It is not a matter of whether managing details or seeing the big picture is the best approach, but the ability to move between them that is important.   Getting stuck in either the details or the big picture can be a recipe for disaster.   In companies, it is often the CFO who is charged with mastering the details, while the CEO is typically the big picture person, but someone needs to make the final call, and that person is usually the CEO.   It is too easy to miss the forest for the trees, and the best way to see the forest is from high above it.

Brandy Lovely, a Unitarian minister in Pasadena, used to tell a story about an argument he and his wife had over a small detail.  He knew he was right, but the argument went on and on for hours as each of them dug their heels in.  Finally, his wife said to him, “Look, do you want to be right, or do you want to be married?”  Sometimes the big picture has to be forced upon us, and as my examiner reminded me, finding a way above it all can be our best friend.

Miso Aviator

imagesI’m sure every profession has its way of distinguishing the amateurs from the professionals.   In aviation, the lowest rung of the ladder is “airplane driver.”  I heard it more than once in my training, typically when I did something wrong: “You don’t want to be a driver, do you?”

The next higher level is the pilot, the one who has mastered the technical aspect of flying, the one who finally makes the shift from the two dimensional steering of the driver to the three dimensional flying of the pilot.   But there is yet another level, one reserved for the masters of flight.  These are the aviators.

They are, of course, somewhat artificial and arbitrary distinctions.  Yet, just as Justice Potter said about the difference between pornography and art, “I know it when I see it.”

The aviation writer Budd Davisson describes the difference between a mere pilot and an aviator this way:  “The difference is that an aviator is the airplane, and they move as one, while the pilot is simply manipulating the proper controls at the appropriate time and sees the airplane as a machine that he forces to do his bidding.”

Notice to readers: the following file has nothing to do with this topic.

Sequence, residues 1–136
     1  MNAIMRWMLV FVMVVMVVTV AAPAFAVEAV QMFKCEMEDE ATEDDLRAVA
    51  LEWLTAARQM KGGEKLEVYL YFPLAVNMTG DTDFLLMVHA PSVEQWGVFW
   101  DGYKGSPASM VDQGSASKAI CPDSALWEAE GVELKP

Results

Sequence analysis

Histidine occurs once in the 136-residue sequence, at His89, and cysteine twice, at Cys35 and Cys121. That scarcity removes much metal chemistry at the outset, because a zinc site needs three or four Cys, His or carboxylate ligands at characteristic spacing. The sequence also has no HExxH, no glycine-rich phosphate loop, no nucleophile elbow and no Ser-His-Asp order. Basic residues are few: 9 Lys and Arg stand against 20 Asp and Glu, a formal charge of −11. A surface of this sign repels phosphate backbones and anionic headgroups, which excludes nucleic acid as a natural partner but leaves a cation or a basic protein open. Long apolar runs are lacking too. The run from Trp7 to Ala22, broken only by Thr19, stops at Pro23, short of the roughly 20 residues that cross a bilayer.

I have flown with a lot of pilots, and the best pilot with whom I have ever flown was my first instructor, Floyd Jennings.  I witnessed Floyd’s flying on several occasions, but the most memorable was on my second flight as a student.   The first and only time I had ever felt nauseous in a small airplane was on that flight.

The nausea, which seemed to come from out of nowhere, was so bad that I knew I wouldn’t make it down to the ground without creating an embarrassing mess in the cockpit.  I was sweating profusely and my face was pale as I was trying to hold back.  I finally told Floyd that I couldn’t hold back any longer.  He glanced over and saw the sweat on my face and my normally pink Polish skin shift to a whiter shale of pale.

We were about halfway through the downwind leg of the pattern in Santa Paula, which means we were flying parallel to the runway, but pointed opposite to the direction needed to land.  Floyd took control of the airplane.  In what appeared to be a single movement, he looked from side to side, cut the power to idle, pointed the nose down, swooped down and around, and in a matter of mere seconds, the airplane kissed the ground sweetly and almost imperceptibly.

Whenever Floyd took control of the airplane, I had the distinct feeling that he and the metal bird were one.  Though he was a grizzled, curmudgeonly character, his flying was seamless, effortless, like wearing a comfortable shirt.   When he moved the airplane moved, when he blinked the airplane blinked.  He met Budd Davisson’s definition of aviator to a tee.   This was sadly in contrast to my flying, in which I often felt that I was wrestling with a metal beast.

I am currently working on a collection of poems I am calling “One With the Miso.”  It’s just a whimsical, silly title, but I like it because on the one hand, it sounds meaningless, but on the other hand, it expresses something bigger.   We can eat or drink the miso (that is, be a pilot), or we can become one with it.   Whatever our behavior, be it simply brushing our teeth, drinking soup or flying an airplane, we can get to the point where our sense of self as separate from the universe disappears, and the thing that we do and thing that we are becomes one.